Saturday, September 17, 2005

A movie so big, it had to be filmed in color!

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Recently, Melisa and I watched once of my favorite movies again--Howard Hughes' 1930 WWI spectacular Hell's Angels. I love the dialogue and period acting, the brotherhood of Roy and Monte Rutledge, the unrelquited love for Helen (Jean Harlow), and Melisa especially noted the the noble spirit of sacrifice for integrity in the RAF.
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The movie was so big it had to be shot twice--once as a silent picture, then as a talkie for its final release. It cost an unparralelled $3.8 million to make, and 249 feet of film were shot for every foot used in the final cut. There are numerous beautiful tinted scenes in the film, but also an eight minute two-strip Technicolor sequence. Top Gun has nothing on the arial combat scenes of this movie. Three stunt pilots died during the filming of Hell's Angels and a forth died in a crash while delivering a plane to the set. Hughes himself crashed one plane for the sake of getting the perfect shot.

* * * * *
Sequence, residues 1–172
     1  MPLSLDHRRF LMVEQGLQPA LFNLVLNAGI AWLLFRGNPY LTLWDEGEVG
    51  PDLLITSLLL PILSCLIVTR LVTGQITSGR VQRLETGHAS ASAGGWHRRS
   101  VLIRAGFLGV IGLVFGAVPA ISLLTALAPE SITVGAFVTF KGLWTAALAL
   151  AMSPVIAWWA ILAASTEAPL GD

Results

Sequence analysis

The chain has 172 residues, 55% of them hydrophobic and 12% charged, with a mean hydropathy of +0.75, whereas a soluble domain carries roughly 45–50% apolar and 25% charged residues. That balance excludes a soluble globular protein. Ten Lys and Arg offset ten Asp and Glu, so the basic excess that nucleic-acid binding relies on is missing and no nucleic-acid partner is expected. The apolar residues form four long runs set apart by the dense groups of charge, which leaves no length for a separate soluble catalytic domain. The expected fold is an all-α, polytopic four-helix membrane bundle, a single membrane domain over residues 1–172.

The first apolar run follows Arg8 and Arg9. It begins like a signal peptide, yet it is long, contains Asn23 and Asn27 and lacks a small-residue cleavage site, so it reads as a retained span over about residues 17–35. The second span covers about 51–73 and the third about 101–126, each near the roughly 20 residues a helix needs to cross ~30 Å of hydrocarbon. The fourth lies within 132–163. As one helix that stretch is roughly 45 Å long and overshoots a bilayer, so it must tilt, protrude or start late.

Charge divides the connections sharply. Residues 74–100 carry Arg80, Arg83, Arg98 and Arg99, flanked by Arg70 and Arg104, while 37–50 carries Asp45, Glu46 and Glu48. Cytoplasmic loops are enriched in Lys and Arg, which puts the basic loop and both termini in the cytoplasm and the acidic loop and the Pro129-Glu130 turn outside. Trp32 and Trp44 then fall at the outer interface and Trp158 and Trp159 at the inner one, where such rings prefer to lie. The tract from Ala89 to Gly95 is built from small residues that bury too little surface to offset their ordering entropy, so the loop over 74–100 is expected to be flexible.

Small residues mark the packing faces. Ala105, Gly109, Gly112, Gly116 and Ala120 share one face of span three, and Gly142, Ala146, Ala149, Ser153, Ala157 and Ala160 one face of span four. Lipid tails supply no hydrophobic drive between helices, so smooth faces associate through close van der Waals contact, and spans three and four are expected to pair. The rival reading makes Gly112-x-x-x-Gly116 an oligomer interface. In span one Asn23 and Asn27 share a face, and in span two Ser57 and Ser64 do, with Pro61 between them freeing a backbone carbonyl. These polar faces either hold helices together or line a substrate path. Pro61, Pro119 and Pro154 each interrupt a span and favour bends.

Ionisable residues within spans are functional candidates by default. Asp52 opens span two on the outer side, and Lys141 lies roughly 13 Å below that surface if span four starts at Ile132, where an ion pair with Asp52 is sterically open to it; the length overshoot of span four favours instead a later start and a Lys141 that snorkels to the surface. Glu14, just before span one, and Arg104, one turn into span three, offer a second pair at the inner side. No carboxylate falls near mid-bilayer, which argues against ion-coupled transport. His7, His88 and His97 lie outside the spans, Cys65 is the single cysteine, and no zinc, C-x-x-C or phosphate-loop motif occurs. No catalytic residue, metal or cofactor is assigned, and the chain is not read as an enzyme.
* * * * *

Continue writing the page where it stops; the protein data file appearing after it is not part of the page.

The night battle scene with the Zeppelin is my favorite in the movie. The Germans did use some dirigibles for bombing runs during the Great War. Hughes' fictionalized version could not have turned out better. Those scenes of "lightening the load" still give me chills.
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In reality, there were twenty-three airship raids in over Britain in 1916 in which 125 tons of ordnance were dropped, killing 293 people and injuring 691. Anti-aircraft defenses were becoming tougher and new Zeppelins were introduced which were able to fly at twice the altitude, increasing the operating altitude from 1,800 m to 3,750 m. To avoid searchlights these craft flew above the cloud layer whenever possible, lowering an observer through the clouds to direct the bombing. The improved safety was counteracted by the extra strain on the airship crews and the British introduction in mid-1916 of forward-firing fighters. The first night-fighter victory came on September 2, 1916 when W. Leefe-Robinson shot down one of a sixteen-strong raiding force over London.
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After the war, the dirigibles had a renaissance of sorts, becoming vessels of peace. In the early 1930s, the Graf Zeppelin was making regular non-stop transatlantic flights from Munich to Rio de Janeiro in Brazil in a matter of days rather than the weeks it took by ocean liner. The zenith of the rigid airships was to come with the LZ-129 (Hindenburg) and her sister-ship, the LZ-130 (Graf Zeppelin II). Each could carry up to 78 passengers and 61 crew. The size of these rigid airships was enormous. The Hindenburg was 804 feet long (that's a mere 78 feet short of a floating Titanic!). The modern Goodyear blimp is lest than a tenth of that length.

1 comment:

Anonymous said...

That movie is so boss!